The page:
Raytheon has successfully carried out two control test vehicle (CTV) flights of the Accelerated Improved Intercept Initiative (AI3) system, currently under development for the US Army, at an undisclosed location.
During the test flights, the system's fire control radar successfully detected an incoming threat, a 107mm rocket, determined its impact area and also delivered command data to the AI3 missile using a Ku-band radio frequency system (KRFS).
The AI3 missile then flew on a calculated trajectory that was required for destruction of the target.
Raytheon Missile Systems AI3 programme director Steve Bennett said the completion of CTV flights demonstrated that the AI3 programme remained on schedule.
"Raytheon is committed to providing an affordable and highly effective solution to save warfighter lives," Bennett added.
AI3 US Army project manager lieutenant colonel Brett Wilhide added that the AI3 programme has achieved progress, and would now advance to the guided test vehicle flight test phase.
"Those tests will demonstrate the full integration of the tactical AI3 battle element system to intercept threat targets," Wilhide said.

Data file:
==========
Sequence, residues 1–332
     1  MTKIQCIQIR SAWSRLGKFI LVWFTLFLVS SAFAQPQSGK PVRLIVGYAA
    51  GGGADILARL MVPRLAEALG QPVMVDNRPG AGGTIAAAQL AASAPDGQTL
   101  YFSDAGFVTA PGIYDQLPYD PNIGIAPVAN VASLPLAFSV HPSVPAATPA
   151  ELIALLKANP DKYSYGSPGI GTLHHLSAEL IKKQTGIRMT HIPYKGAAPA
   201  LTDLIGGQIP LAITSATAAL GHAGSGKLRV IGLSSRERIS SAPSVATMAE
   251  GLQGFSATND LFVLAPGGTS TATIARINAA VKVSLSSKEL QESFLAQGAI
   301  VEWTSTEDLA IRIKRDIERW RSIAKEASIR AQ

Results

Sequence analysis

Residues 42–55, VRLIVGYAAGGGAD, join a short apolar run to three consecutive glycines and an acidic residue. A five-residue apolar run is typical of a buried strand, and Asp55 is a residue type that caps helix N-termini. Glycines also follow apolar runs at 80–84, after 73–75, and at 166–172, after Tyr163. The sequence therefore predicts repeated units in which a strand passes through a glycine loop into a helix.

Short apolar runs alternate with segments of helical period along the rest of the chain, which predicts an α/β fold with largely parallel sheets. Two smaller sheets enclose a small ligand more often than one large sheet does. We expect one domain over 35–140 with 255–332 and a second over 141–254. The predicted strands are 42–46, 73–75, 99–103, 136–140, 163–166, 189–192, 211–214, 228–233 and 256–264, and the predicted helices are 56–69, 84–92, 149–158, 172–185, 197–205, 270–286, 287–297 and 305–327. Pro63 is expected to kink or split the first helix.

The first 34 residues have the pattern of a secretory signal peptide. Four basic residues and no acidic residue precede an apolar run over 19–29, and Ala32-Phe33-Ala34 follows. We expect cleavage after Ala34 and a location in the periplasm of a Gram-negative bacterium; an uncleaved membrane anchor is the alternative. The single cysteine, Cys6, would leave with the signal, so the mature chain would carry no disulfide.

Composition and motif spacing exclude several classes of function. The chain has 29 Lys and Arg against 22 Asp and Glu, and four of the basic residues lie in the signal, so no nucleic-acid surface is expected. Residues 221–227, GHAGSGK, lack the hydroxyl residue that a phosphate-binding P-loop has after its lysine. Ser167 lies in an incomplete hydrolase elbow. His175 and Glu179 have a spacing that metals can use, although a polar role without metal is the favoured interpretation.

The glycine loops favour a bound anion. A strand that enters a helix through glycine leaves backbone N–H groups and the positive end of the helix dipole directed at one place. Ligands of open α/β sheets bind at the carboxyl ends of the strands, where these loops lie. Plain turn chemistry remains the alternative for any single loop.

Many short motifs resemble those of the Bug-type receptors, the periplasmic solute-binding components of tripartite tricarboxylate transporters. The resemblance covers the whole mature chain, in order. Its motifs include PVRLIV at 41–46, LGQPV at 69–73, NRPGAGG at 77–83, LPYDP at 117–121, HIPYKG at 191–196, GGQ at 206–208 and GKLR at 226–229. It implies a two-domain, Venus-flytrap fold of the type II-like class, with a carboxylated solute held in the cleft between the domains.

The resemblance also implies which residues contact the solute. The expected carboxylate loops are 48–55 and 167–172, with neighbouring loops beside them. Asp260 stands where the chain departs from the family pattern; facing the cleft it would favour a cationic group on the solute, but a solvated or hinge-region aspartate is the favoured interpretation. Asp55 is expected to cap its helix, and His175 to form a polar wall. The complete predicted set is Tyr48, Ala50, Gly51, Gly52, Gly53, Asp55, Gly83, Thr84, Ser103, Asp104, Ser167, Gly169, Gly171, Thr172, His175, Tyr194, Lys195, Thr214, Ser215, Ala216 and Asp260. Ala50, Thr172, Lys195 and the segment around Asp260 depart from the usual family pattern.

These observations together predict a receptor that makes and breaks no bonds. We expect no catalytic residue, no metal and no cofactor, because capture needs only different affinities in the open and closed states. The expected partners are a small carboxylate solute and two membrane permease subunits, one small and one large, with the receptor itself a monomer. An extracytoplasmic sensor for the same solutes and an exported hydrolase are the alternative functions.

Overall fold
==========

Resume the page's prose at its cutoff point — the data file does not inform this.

The company is expecting an onboard semiactive radar seeker to conduct terminal guidance to target intercept in the upcoming flight tests.
Manufactured as part of a $79.2m contract awarded by the army in March 2012, the AI3 is an advanced system designed to enhance troops' survivability against a wide range of incoming threats in the battlefied, such as rockets, artillery and mortars.
Expected to be deployed in 2014, the ground-based system will leverage proven technologies from Raytheon's previous programmes, including the Sidewinder air-to-air missile and Small Diameter Bomb II to detect and intercept incoming threats in flight.
As part of the contract, Raytheon will develop and demonstrate the system within 18 months, followed by low-rate initial production (LRIP), if approved.
Image: The accelerated improved intercept initiative system will protect soldiers against incoming rockets, artillery and mortars. Photo: courtesy of SSGT Aaron D Allmon II, USAF.